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MATH 220 | Probability and Statistics | 3 |

Prerequisite: Prerequisite: MATH 180An introduction to probability theory and its applications with emphasis on stochastic processes such as random walk phenomena and waiting time distributions. Computer graphics simulations will be used. Students use mathematical modeling/multiple representations to provide a means of presenting, interpreting communication, and connecting mathematical information and relationships. Topics include sets; events; sample spaces; mathematical models of random phenomena; basic probability laws; conditional probability; independent events; Bernoulli trials; binomial, hypergeometric, Poisson, normal and exponential distributions; random walk and Markov chains. Classroom Hours - Laboratory and/or Studio Hours – Course Credits: 3-0-3 |
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MATH 260 | Calculus III | 4 |

Prerequisite: Prerequisite: MATH 180Sequences and series, Taylor series. Vector analysis and analytic geometry in three dimensions. Functions of several variables, partial derivatives, total differential, the chain rule, directional derivatives and gradients. Multiple integrals and applications. Classroom Hours - Laboratory and/or Studio Hours – Course Credits: 4-0-4 |
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MATH 310 | Linear Algebra | 3 |

Prerequisite: Prerequisite: MATH 180Matrices and systems of linear equations, vector spaces, change of base matrices, linear transformations, determinants, eigen-values and eigen-vectors, canonical forms. Classroom Hours - Laboratory and/or Studio Hours – Course Credits: 3-0-3 |
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MATH 320 | Differential Equations | 3 |

Prerequisite: Prerequisite: MATH 260Solving first order ordinary differential equations: exact, separable, and linear. Application to rates and mechanics. Theory of higher order linear differential equations. Method of undetermined coefficients and variation of parameters. Application to vibrating mass and electric circuits. Power series solutions: ordinary and singular points, the method of Frobenius. Partial differential equations: the method of separation of variables. Classroom Hours - Laboratory and/or Studio Hours – Course Credits: 3-0-3 |
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MATH 330 | Computational Analysis | 4 |

Prerequisite: Prerequisite: MATH 260This course consists of a calculus-based introduction to the use of mathematical software in applied problems in science and engineering. Matlab: basic syntax and development environment; debugging; help interface; basic math objects; visualization and graphical output; vectorization; scripts and functions; file i/o; arrays, structures, and strings; Mathematica: basic syntax and the notebook interface, visualization, symbolic operations such as differentiation, integration, partial fractions, series expansions, solution of algebraic equations. Mathematica programming (rule-based, functional, and procedural) and debugging, plotting, and visualization. The course will emphasize good programming habits, choosing the appropriate language/software for a given scientific task and the use of numerical and symbolic math software to enhance learning and perform tests. Each of the concepts and programming tools covered should be illustrated through the application and integration of calculus tools to scientific problems. This will be reinforced via individual lab work during class as well as teamwork in homework and class projects. Classroom Hours - Laboratory and/or Studio Hours – Course Credits: 3-2-4 |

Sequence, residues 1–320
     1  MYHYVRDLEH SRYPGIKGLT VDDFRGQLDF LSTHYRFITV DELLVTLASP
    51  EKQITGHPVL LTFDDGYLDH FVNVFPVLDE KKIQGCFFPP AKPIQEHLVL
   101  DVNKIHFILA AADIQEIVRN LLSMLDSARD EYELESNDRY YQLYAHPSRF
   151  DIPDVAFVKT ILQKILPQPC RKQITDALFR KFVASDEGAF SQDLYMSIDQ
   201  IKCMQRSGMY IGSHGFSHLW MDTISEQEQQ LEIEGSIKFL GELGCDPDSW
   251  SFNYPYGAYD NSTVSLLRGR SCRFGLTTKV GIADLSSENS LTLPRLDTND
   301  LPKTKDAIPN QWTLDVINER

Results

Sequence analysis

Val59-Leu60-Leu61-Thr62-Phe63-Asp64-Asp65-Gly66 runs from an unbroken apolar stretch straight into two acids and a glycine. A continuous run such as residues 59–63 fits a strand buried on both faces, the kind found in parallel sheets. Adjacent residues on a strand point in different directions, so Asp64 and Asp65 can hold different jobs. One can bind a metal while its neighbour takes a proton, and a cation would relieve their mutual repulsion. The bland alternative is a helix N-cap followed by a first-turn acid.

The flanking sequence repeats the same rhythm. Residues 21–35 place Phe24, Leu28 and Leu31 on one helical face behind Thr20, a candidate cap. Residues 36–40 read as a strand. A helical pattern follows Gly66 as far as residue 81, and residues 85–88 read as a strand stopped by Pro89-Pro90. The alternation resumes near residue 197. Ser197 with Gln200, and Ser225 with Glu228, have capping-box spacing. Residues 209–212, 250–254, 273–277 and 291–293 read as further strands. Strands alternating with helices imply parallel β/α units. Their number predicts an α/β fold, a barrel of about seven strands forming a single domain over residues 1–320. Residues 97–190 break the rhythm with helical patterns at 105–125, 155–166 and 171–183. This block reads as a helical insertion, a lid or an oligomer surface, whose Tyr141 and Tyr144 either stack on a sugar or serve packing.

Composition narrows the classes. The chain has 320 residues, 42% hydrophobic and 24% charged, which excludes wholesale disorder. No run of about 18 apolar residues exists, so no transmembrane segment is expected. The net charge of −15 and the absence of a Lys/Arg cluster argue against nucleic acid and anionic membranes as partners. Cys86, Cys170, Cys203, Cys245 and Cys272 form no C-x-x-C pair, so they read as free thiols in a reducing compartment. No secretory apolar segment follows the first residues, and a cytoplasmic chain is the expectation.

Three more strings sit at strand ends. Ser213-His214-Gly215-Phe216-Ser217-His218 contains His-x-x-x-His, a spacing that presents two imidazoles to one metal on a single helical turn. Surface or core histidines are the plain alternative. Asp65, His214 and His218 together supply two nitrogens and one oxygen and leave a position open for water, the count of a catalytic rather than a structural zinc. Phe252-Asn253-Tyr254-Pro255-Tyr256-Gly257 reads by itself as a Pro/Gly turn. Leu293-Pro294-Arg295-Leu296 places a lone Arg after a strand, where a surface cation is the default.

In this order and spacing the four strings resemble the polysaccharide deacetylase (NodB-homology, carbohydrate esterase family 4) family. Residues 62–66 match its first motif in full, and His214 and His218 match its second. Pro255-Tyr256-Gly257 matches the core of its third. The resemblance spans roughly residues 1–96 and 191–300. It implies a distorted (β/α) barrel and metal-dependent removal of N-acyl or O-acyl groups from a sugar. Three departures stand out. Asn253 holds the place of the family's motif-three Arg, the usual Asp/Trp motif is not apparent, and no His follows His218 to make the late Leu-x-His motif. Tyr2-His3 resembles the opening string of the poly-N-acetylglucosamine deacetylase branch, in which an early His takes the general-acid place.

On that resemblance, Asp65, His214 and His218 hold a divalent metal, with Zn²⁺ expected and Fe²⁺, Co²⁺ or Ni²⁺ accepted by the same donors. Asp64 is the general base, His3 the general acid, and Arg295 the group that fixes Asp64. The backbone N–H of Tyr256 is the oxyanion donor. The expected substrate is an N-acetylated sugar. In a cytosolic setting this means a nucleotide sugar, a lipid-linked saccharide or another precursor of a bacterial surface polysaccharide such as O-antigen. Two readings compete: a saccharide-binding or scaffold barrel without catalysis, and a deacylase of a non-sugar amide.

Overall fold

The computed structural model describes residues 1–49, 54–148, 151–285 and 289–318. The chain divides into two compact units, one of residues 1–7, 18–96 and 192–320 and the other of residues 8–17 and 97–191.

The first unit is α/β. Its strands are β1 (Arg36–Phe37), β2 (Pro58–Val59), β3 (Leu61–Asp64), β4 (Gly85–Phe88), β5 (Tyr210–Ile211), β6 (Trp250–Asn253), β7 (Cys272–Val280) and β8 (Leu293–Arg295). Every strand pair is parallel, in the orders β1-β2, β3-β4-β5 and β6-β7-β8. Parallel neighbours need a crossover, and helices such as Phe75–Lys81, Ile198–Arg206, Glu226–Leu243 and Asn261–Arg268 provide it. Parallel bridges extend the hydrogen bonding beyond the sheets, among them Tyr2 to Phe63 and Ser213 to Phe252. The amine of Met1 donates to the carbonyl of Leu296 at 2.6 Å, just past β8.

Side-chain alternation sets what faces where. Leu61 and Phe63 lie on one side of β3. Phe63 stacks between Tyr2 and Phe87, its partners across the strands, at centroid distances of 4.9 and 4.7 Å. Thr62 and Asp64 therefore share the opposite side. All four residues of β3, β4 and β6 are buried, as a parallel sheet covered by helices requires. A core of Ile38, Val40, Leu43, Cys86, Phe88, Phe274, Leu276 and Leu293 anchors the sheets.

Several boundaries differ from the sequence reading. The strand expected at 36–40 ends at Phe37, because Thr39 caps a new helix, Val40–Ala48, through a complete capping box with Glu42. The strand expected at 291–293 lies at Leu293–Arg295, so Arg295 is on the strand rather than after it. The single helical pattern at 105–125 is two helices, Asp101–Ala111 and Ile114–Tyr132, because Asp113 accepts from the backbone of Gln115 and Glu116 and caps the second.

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MATH 350 | Advanced Calculus | 3 |

Prerequisite: Prerequisite: MATH 260Topics include: Vector functions of several variables, the Jacobian matrix, the generalized chain rule, inverse function theorem, curvilinear coordinates, the Laplacian in cylindrical and spherical co-ordinates, Lagrange multipliers, line integrals, vector differential and integral calculus including Green's, Stokes's and Gauss's theorem. The change of variable in multiple integrals, Leibnitz's rule, sequences and uniform convergence of series. Classroom Hours - Laboratory and/or Studio Hours – Course Credits: 3-0-3 |
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MATH 410 | Numerical Linear Algebra | 3 |

Prerequisite: Prerequisites: MATH 310This course focuses on computational algebra methods and their applications, using basic programming with Matlab or Python. Topics should include: Direct methods (gauss elimination), Iterative methods (CG and GMRES), QR/ Gram Schmidt, Eigen decomposition, SYD and applications (matrix norms, condition number, low rank approximation, principal component analysis, linear regression). Extra time can be used for applications and projects, or discussion of sparse and structured matrix methods. Classroom Hours - Laboratory and/or Studio Hours – Course Credits: 3-0-3 |
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MATH 490 | Mathematical Modeling Capstone Course | 5 |

Prerequisite: Prerequisites: MATH 450 or MATH 455This is the capstone course and final requirement for the applied and computational mathematics (ACM) major. As such, it consists of a project-based introduction to the theory and practice of mathematical modeling and simulation. Thesis and interdisciplinary work in teams is strongly encouraged. Techniques include scaling and nondimensionalization, data -fitting, linear and exponential models, elementary dynamical systems, probability, optimization, Markov chain modeling. Models will be drawn from a wide range of application fields; synergy with double majors, graduate work and/or interests in industry / internships is encouraged wherever relevant. Students will also learn scientific presentation skills and do oral presentations throughout the semester. Classroom Hours - Laboratory and/or Studio Hours – Course Credits: 5-0-5 |
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Total: 36 Credits | ||

## Concentration Options:Students may choose between General Concentration, Mathematical Modeling, or Scientific Computation. |
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General Concentration |
Credits: | |

MATH 45X | Choose between MATH 450 Partial Differential Equations and MATH 455 Numerical Analysis | 3 |